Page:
Thursday, March 11, 2010

yale leads the nation (again)

Yale University has banned faculty from sexual relationships with undergraduate students. The previous policy was to ban such relationships only for students under direct supervision of the faculty member. Parents don't send their children to Yale to sleep with faculty, one official helpfully explained, adding that the change had been coming (no pun intended) for some time.

Having attended Cornell in the 1970s, where dating students was something of a varsity sport--two of my five first professors got in trouble for it and even some women faculty were rumored to participate--I cannot say the proposal is unmerited. Still, like all legislation, the change leaves several important questions unanswered.

One question is the matter of negative implication. By banning relationships with undergraduates, Yale presumably does not mean to say that relationships with law or other graduate students are advisable or even acceptable. And yet it's hard to avoid this inference. (This is not a hypothetical either: one professor dated at least three students during the time I was at Yale Law, and several of my current colleagues were or are married to former students.)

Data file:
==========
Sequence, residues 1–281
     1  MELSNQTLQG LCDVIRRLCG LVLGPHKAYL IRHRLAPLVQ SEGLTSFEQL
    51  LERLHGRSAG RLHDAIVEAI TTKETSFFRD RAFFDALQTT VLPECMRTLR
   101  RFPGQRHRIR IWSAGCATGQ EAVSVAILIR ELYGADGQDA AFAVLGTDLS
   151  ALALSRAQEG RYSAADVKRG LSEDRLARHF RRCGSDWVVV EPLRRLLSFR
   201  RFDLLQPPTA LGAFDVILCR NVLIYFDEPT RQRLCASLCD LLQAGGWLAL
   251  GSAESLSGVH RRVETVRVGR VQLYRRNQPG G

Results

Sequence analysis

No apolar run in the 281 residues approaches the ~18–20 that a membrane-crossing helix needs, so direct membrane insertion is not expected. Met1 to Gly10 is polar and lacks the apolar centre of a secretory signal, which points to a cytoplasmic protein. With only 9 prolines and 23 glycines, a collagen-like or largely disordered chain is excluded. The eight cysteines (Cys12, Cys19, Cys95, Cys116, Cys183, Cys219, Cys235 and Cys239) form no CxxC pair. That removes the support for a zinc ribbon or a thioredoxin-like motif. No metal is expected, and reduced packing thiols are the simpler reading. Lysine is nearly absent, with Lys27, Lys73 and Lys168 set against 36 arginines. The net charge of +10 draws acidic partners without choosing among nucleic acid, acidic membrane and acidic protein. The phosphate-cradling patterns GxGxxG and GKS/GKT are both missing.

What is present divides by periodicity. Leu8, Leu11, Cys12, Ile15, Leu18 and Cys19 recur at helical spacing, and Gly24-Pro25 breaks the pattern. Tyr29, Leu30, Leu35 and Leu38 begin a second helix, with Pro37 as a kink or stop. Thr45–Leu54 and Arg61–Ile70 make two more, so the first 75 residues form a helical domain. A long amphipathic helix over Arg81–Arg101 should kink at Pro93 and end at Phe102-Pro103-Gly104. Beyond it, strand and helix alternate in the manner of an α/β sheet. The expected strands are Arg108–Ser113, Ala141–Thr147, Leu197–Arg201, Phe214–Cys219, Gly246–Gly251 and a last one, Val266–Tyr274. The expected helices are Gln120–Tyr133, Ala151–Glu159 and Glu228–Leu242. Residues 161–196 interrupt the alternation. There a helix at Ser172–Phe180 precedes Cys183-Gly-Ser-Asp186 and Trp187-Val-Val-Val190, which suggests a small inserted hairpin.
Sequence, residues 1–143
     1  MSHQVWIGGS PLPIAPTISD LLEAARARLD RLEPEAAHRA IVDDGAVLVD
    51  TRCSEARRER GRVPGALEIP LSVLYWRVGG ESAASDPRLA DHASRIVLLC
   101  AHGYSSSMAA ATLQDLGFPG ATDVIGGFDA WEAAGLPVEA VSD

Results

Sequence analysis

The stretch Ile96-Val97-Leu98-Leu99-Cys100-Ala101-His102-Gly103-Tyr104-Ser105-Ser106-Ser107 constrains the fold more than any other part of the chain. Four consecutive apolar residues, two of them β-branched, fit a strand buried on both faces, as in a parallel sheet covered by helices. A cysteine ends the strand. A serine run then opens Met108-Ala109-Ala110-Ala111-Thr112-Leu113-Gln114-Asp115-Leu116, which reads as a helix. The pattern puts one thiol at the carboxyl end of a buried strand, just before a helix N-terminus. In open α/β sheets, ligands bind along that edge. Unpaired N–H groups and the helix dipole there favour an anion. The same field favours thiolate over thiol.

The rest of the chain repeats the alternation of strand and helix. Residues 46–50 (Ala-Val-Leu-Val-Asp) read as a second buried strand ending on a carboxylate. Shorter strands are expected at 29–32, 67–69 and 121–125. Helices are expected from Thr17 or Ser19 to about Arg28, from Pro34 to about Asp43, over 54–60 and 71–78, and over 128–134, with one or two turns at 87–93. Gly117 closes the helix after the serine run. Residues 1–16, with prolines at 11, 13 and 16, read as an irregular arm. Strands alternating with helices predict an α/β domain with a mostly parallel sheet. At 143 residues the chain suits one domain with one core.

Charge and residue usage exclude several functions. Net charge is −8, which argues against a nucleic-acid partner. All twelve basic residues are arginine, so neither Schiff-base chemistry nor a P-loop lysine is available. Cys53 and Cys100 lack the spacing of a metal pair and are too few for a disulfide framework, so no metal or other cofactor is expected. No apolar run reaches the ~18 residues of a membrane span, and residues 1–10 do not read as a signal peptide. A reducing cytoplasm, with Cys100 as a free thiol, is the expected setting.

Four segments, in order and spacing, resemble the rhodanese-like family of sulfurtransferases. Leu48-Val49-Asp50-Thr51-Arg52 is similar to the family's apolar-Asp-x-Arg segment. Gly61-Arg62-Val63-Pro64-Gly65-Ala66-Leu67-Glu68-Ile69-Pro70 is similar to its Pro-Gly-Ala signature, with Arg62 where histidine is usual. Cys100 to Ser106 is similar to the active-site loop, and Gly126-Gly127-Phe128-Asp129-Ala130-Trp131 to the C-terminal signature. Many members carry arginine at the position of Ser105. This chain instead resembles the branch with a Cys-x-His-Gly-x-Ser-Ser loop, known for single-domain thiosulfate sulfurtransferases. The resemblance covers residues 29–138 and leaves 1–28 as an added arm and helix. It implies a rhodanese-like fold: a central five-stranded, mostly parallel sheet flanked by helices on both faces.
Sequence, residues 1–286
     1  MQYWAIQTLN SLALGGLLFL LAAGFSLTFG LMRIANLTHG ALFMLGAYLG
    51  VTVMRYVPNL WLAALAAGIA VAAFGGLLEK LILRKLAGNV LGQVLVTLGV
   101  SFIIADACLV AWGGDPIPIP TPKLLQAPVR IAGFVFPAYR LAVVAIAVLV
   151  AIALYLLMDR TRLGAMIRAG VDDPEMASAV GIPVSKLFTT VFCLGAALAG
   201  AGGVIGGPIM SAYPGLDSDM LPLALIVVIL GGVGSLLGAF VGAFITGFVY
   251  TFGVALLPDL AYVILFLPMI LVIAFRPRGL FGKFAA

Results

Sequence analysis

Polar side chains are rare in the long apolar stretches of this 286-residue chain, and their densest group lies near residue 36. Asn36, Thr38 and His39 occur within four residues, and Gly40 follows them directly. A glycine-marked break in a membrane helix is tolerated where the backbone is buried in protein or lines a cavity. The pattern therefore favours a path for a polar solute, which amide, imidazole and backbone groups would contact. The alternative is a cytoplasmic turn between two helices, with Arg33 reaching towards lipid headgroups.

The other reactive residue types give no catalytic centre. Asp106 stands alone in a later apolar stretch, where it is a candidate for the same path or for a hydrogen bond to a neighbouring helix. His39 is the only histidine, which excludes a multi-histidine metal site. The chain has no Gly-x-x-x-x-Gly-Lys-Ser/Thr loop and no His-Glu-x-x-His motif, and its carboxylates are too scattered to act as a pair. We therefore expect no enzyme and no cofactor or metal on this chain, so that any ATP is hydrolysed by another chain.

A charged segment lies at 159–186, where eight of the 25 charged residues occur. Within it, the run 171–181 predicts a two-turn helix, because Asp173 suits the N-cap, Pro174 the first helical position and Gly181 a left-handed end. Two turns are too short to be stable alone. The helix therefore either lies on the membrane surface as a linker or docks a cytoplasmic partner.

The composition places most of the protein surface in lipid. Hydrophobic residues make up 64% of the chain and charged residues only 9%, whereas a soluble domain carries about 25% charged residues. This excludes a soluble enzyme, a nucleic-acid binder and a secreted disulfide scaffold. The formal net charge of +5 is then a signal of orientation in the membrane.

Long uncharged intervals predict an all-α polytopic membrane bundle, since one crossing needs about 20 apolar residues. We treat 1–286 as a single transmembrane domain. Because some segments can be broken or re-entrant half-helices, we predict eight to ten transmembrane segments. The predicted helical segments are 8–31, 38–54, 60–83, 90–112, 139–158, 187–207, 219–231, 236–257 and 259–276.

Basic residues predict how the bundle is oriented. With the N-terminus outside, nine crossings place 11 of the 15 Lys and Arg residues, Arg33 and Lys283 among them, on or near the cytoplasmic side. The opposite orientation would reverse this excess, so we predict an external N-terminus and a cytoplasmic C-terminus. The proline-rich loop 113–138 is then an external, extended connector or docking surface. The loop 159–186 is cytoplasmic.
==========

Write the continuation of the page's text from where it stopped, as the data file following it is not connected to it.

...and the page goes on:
A further question relates to effective dates: what if someone was in a relationship with a student at the time the bill (so to speak) became law? Are they expected immediately to end it? What of other relationships, even marriages, that initiated with such illicit contacts? Are they free from scrutiny, or--under the "fruit of the poison tree" doctrine--are they also suspect?

The only answer, I think, is to hold a conference on the legislation, where the leading lights of statutory interpretation can hold forth on these and other key issues. To be held in New Haven, of course. With separate seating for students and faculty.


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